They face having to put in place a second lockdown to clamp down if the rate spirals up too far out of control, as it will overwhelm their health service.

Chancellor Angela Merkel has warned if they R rate increases even slightly above 1 then the country’s health service faces being overwhelmed.

“If we get to a point where each patient is infecting 1.1 people, then by October we will be back at the limits of our health system in terms of intensive-care beds,” she said.

“If we get to 1.2 . . . then we will hit the full capacity of our health system as early as July."

Dominic Raab last night warned that the UK was looking at the situation in Germany very quickly, and ministers would not take actions that would see the rate of transmission overwhelm the NHS.

What is the R value?

R0, or R nought, refers to the average number of people that one infected person can expect to pass the coronavirus on to.

Scientists use it to predict how far and how fast a disease will spread – and the number can also inform policy decisions about how to contain an outbreak.

For example, if a virus has an R0 of three, it means that every sick person will pass the disease on to three other people if no containment measures are introduced.

It's also worth pointing out that the R0 is a measure of how infectious a disease is, but not how deadly.

The World Health Organisation (WHO) estimated at the start of March that the coronavirus R0 stands somewhere between 2 and 2.5.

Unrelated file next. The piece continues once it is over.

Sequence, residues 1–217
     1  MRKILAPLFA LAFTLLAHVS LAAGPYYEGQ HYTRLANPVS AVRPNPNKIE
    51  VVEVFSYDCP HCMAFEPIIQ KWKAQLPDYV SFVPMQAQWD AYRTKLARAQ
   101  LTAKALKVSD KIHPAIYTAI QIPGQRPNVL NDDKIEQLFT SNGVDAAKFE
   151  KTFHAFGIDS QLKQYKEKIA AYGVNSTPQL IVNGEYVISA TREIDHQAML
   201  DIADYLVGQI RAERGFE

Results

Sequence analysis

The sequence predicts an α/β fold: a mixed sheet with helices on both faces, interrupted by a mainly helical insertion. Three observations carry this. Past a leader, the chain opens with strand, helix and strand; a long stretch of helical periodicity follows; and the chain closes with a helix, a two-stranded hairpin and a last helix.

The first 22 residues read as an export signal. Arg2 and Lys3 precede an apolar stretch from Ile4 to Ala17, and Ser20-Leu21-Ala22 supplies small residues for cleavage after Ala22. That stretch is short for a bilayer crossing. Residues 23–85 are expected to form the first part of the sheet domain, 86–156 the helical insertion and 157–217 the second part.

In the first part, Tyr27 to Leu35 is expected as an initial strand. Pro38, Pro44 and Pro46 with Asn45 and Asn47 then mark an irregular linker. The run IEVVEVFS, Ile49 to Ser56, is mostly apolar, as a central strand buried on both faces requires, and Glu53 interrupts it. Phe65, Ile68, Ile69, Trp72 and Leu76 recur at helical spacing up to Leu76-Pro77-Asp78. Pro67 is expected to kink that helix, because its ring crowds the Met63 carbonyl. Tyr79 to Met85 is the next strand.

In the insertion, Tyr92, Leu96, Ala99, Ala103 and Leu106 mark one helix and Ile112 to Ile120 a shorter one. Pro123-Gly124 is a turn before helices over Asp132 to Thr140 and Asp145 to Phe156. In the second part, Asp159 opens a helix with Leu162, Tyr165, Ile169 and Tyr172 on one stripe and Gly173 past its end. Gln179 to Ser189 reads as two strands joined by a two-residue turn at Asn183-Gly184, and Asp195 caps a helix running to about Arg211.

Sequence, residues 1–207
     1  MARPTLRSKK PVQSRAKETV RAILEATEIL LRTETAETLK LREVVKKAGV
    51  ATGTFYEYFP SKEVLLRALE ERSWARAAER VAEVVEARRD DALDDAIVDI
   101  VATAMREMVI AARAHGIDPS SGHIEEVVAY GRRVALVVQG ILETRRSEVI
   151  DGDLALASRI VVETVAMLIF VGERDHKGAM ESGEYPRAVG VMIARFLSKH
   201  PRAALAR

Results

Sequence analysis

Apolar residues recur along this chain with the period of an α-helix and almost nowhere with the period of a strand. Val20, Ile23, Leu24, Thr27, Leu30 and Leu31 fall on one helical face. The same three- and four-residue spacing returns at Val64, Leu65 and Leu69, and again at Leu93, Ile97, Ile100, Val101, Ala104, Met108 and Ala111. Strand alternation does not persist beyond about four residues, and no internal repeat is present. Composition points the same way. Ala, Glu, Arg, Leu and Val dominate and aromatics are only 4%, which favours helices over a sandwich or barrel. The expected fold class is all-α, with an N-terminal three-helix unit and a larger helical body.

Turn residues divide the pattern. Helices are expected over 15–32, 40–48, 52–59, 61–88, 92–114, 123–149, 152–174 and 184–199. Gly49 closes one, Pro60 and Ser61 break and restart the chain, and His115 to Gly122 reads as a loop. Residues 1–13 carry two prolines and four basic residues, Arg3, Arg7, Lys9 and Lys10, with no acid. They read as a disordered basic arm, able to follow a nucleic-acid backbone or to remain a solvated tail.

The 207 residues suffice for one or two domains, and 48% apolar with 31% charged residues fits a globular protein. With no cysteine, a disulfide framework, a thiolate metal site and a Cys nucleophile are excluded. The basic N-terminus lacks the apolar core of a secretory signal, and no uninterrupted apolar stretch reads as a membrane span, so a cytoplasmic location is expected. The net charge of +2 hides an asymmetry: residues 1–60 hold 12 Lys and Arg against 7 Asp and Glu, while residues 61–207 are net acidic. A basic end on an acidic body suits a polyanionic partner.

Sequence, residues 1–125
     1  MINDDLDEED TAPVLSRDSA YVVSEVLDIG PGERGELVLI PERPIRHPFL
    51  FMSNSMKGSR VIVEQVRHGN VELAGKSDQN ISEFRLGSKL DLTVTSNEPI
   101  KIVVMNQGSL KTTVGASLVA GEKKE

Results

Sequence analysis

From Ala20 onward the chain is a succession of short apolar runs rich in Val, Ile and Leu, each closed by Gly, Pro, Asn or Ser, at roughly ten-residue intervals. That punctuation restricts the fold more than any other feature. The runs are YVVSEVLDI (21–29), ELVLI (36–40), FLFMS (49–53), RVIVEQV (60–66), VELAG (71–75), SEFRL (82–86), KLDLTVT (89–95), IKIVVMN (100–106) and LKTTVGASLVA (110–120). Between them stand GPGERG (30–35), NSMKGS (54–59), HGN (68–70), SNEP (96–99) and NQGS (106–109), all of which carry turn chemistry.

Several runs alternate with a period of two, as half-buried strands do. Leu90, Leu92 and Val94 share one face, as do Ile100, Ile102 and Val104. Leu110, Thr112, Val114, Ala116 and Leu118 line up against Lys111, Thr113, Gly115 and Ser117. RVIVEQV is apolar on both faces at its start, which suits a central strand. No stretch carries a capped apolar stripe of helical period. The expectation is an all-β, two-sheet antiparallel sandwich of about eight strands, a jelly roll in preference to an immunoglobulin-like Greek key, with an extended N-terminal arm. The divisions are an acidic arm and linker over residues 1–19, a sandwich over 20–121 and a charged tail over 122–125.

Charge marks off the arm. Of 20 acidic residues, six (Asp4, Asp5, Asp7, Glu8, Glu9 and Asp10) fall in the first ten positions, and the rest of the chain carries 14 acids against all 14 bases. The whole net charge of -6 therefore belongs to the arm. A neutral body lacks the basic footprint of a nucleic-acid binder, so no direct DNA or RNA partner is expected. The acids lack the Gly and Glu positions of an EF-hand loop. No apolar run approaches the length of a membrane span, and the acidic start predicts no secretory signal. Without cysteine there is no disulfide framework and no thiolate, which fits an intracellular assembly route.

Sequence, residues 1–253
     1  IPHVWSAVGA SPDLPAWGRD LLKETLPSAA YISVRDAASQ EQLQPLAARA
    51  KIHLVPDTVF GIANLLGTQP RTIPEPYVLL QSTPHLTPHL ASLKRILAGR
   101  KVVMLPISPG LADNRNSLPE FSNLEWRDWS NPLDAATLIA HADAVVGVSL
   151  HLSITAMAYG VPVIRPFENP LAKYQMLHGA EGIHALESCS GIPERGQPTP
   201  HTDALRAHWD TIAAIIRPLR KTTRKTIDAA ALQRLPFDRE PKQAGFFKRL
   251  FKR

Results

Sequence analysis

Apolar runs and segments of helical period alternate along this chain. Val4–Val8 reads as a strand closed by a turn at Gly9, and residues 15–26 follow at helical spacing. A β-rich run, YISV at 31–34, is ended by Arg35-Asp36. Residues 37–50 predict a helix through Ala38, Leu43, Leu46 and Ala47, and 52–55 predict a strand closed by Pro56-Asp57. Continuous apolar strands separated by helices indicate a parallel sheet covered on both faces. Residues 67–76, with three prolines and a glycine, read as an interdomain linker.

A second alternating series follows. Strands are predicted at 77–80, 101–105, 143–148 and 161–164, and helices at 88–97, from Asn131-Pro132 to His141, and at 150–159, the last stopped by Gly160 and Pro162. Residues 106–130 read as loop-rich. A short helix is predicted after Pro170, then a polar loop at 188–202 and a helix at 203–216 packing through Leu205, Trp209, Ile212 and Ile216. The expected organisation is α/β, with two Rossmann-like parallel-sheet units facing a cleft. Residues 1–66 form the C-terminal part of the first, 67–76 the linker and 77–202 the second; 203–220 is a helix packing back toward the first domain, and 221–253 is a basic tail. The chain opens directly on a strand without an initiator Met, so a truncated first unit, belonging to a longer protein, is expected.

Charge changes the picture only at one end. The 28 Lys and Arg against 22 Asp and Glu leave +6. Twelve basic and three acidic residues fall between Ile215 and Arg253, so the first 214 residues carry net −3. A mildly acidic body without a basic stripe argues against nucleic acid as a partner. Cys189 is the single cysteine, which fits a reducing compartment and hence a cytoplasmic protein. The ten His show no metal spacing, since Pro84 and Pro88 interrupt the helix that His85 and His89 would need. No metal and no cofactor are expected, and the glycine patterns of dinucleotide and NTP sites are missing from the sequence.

In comparison, the seasonal flu is estimated to be roughly 1.3 while measles has a reproductive value of between 12 and 18.

Despite this, these figures are not set in stone because a given pathogen's R value changes with place and time.

The lower the R value is, the more chance the Government's track and trace plan – which will isolate cases and track down everyone they had contact with – will work.

The Sun revealed this week that ministers' plans are still several weeks away, because the number of infected people is still too high.

Chasing down people that new sufferers have mixed with to halt contagion chains has proved hugely successful in countries like South Korea and Germany.

For track and trace to work, ministers believe the number who currently have the virus will need to be reduced to 100,000 first.

At the moment, the estimated number is still running at 350,000, according to the King’s College London tracker.

Without the track and trace scheme in place, it is likely the Cabinet will decide the full lockdown will have to stay in place beyond the next review point on May 7 in nine days time.

One senior government figure told The Sun: “For track and trace to work, we need both the reproduction rate as well as the actual level of infection to come down.

“While the R rate is below one, we’ve got some way to go on overall numbers.

"We need to get the infection pool down to around 100,000 live cases before we can control it with track and trace and the NHS app.”

And the army of track and tracers needed to be recruited are not yet ready to begin work.

Matt Hancock told the No10 press conference this week: “The lower the number of new cases, the more effective a system of test track and case will be”.